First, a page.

Instead Of Growing Old ... The Senior Center


For the retired elderly, loneliness can be a daily struggle. Fortunately, in Payson, there's always a place to go, Monday through Friday -- the Payson Senior Center.

A small group of seniors meet at the center each morning just to get out of the house and share some conversation.


On Monday morning, a group gathered at the Payson Senior Center to play cards, listen to music and have good conversation. For many, the Senior Center is a "home away from home."

"If we didn't come here, we would sit in our chair (at home) and grow old," said Penny Mayer, adding that a bus picks her at 9 a.m. at her home and takes her to the Center. She returns home at about 1 p.m.

Evelyn Wright said she comes to the Center for the camaraderie of her friends.

Betty Hendrickson said she, too, has been coming to the Senior Center on a consistent basis for the last 18 months.

"I am alone," she said. "I board the bus at 9 a.m. and I go home after the lunch at 1 p.m.

"I am by myself. I come here to eat and visit."

Mayer said she can sit alone at her home on Saturdays and Sundays when the Center is not open.

"It's good to be with people," she said. She and her friends mostly talk and sing when getting together.

Hendrickson said she enjoys all of the things that are going on at the Senior Center, especially activities like line dancing.

She said some seniors come to play cards, while others play music, which is what was happening Monday morning as an informal band of musicians took the stage.

But not everyone wanted to sit still. Some seniors come to the Center for the exercise classes.

Donna Tyrell said she started exercising with senior aerobics and has started exercising through the line dancing that is offered Tuesdays and Thursdays.

"You get out there, and you have fun for an hour," she said.

Senior Center Director Marcia Cauley said the Center is a second home for many of the seniors.

"We are a place of activity for them," she said. "We are the only game in town for these people."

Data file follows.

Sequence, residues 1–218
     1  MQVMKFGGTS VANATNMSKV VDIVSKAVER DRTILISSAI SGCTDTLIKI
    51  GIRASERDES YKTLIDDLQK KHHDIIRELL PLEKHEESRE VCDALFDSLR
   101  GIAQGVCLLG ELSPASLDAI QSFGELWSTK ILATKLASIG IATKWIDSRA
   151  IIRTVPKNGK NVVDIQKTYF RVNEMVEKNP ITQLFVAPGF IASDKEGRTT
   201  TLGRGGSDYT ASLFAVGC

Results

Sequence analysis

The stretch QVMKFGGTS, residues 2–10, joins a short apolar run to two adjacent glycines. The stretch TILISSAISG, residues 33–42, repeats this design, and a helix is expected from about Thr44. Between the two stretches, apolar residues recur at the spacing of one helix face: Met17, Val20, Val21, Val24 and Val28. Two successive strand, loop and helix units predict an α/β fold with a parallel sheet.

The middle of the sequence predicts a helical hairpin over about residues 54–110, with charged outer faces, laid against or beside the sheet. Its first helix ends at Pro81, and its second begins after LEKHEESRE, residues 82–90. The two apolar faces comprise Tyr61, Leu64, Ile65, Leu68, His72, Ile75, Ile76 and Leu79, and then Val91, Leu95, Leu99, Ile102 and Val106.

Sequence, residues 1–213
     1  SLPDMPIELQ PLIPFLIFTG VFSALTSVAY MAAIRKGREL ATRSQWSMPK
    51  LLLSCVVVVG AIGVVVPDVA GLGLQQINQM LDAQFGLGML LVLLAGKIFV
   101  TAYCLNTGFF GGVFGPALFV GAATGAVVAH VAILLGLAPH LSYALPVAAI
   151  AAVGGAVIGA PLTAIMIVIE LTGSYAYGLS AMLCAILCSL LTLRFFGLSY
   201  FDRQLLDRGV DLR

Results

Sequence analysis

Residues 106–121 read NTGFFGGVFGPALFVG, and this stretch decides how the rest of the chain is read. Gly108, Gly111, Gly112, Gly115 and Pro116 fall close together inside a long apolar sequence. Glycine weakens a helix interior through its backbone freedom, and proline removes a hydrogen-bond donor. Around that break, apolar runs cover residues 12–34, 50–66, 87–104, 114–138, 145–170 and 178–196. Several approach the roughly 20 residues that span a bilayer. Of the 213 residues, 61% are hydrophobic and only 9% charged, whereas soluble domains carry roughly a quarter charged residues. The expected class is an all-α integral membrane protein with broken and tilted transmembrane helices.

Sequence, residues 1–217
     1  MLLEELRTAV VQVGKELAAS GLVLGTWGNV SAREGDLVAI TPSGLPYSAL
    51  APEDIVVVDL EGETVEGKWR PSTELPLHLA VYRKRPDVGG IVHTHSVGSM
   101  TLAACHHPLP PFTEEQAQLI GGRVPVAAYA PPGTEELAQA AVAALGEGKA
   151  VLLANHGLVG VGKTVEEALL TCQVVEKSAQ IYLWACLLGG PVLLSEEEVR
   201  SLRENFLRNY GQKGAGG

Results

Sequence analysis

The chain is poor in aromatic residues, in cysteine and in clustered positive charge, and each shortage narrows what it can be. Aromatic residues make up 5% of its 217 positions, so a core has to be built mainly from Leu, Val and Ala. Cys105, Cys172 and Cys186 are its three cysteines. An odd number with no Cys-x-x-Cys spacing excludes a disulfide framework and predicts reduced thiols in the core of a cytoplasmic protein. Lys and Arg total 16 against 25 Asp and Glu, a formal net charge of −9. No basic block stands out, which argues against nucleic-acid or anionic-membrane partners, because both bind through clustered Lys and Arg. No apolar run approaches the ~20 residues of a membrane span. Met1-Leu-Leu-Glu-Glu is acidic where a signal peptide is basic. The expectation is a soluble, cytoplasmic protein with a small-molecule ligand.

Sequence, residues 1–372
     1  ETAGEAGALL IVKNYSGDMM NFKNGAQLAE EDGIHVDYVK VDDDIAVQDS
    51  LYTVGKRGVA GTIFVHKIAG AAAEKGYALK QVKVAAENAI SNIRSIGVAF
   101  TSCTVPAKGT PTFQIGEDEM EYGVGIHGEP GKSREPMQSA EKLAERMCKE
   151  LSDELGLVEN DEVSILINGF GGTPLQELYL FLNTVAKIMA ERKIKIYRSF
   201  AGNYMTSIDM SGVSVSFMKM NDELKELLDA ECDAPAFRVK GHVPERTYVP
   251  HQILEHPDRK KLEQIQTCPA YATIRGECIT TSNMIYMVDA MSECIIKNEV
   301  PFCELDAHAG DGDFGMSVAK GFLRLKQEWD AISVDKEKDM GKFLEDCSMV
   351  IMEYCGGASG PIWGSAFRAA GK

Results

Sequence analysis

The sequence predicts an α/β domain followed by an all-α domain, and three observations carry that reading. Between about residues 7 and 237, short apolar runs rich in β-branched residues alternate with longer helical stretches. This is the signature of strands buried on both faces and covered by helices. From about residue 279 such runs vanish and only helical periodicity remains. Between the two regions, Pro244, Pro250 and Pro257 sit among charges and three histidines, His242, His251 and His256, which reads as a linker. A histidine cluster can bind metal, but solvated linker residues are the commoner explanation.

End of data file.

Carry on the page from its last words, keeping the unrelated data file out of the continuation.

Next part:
She said a lot of the work the Center does is outside its building.

She said one of the biggest things it does is deliver meals to 107 homebound seniors Monday through Friday.

"We package them and make them here," she said.

Cauley said a majority of the 250 membership come into the Center to eat, depending on what is on the lunch menu. Lunches cost $3.

"It helps them stretch their budget," she said. "Every meal has to provide them with one-third of their daily nutritional requirement."

For those who can no longer drive, the Center provides the seniors with transportation.

Cauley said for $4, members will be transported to various locations.

"We will take them anywhere in Payson that they want to go," she said.

Mayer said the transportation aspect is huge for seniors like herself who can no longer get behind the wheel.

Cauley also mentioned the free legal services that are offered to seniors once a month through the Pinal Gila Council.

She said a lot has changed in the Center's existence of 25 years.

"When it started out it was very small," she said -- only three meals were delivered back then.

Cauley said the Senior Center is a place where people can go to seek help when they have nowhere else to go.

"This is their family," she said. "We are like a clearinghouse of information for seniors here."

-- To reach Michael Maresh call 474-5251 ext. 112 or e-mail

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